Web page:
Do you ever have those books that you’ve been meaning to read for years and years, but when the time comes to start a new book, you look at it on your shelf and think, “maybe next time”? That is The Book Thief for me. It’s been recommended to me since the time it was published (2007, for those of you who are interested to know just how long my procrastination can extend) and I’ve always wanted to read it. I guess I just always wanted to read something else more. Then, I started my teachers-only summer book club and sure enough, most of us had been putting this book off. We vowed that at last, we would read it!
So here’s a brief outline of what it was that “we” read: A young girl, Liesel, and her brother are being sent to foster care. She doesn’t realize it yet, but it’s the beginning of Hitler’s power in Germany, and her parents are what Hitler considered unsavory characters (not Jews – Communists). En route, her brother dies and in the commotion, Liesel notices a book has been left behind in the snow. She takes it, starting a long career as, you guessed it, a book thief. One problem: she can’t read.
Her foster father discovers this and begins teaching her. As Liesel’s hunger for books grows stronger, so does Hitler’s power. The story changes as Hitler’s power grows – they harbor a young Jewish man who becomes part of Liesel’s reading and writing journey. Ultimately, the book focuses less on Hitler’s atrocities and more on the effects not on his Jewish prisoners, but on every day Germans under his rule.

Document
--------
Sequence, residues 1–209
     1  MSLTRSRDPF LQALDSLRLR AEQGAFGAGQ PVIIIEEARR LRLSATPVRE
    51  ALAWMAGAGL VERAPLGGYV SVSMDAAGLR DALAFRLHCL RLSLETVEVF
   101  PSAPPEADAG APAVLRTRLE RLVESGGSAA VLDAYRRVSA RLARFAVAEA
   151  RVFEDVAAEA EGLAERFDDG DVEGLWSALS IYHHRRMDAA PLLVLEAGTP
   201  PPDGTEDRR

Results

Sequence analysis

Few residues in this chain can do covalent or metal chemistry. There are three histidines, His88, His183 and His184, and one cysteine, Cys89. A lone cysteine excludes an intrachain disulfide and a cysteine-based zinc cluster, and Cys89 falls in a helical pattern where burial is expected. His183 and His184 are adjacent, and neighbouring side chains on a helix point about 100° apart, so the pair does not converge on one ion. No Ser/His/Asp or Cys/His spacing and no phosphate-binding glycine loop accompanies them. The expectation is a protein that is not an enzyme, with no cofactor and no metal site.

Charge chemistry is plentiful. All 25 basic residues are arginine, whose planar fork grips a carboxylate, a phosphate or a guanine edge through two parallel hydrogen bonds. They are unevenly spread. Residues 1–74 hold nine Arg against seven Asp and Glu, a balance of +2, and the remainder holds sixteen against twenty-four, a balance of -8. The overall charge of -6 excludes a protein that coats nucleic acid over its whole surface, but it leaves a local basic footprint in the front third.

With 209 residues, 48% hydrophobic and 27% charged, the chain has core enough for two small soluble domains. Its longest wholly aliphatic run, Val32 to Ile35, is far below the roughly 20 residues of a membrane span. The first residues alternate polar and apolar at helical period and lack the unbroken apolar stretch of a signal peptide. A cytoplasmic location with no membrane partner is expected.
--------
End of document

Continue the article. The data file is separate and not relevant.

In case you were wondering, by the time my book club met, only one person had finished the book. In my defense, I was only 12 pages to the end, and finished it later that night.
I may be acting a little unfairly here. As a young adult novel, The Book Thief is good – though long. I can imagine several of my students absolutely gobbling up, and that is exactly the attitude I want when selecting a new book. It has a lot of creative elements that I feel worked really well – having Death as the narrator, for example. The biggest challenge for The Book Thief in my opinion is that it’s a book about the Holocaust. And while it’s a fascinating and worthy subject, there are a LOT of books in this genre, and the competition is fierce because a lot of them are done incredibly well. While I didn’t dislike The Book Thief, I did feel, at times, that it was simply more of the same.
Here’s what I did like: Death as the narrator. This was a really cool creative touch, and it was done in a sophisticated and new way. It wasn’t morbid or dependent on cliché – Death was insightful, neutral, and surprisingly human. I loved that. Also interesting was the focus on German characters throughout. So many books in this genre focus on the unbelievable cruelty in the concentration camps and while this aspect can’t be ignored in The Book Thief, I think it was a bold and wise decision to step away from it because it’s so prevalent in this type of literature that it can often become desensitizing to the reader – exactly what the author would likely want to avoid. Instead, Zusak focuses on the German neighbors in Liesel’s village – and artfully exposes that not all Germans were evil, or even agreed with Hitler’s views. Some did, for valid (though misguided) reasons. And some were just plain evil. I like literature as an exploration of the human condition and Zusak captured the complexity of the situation and the people involved extremely well.
Overall, I’d give this book 3 stars. Because it’s intended for young adults, it didn’t have quite the sophistication or pull for me that I prefer, but it is an interesting read, and one that I predict most teenagers will really get a lot out of. ★★★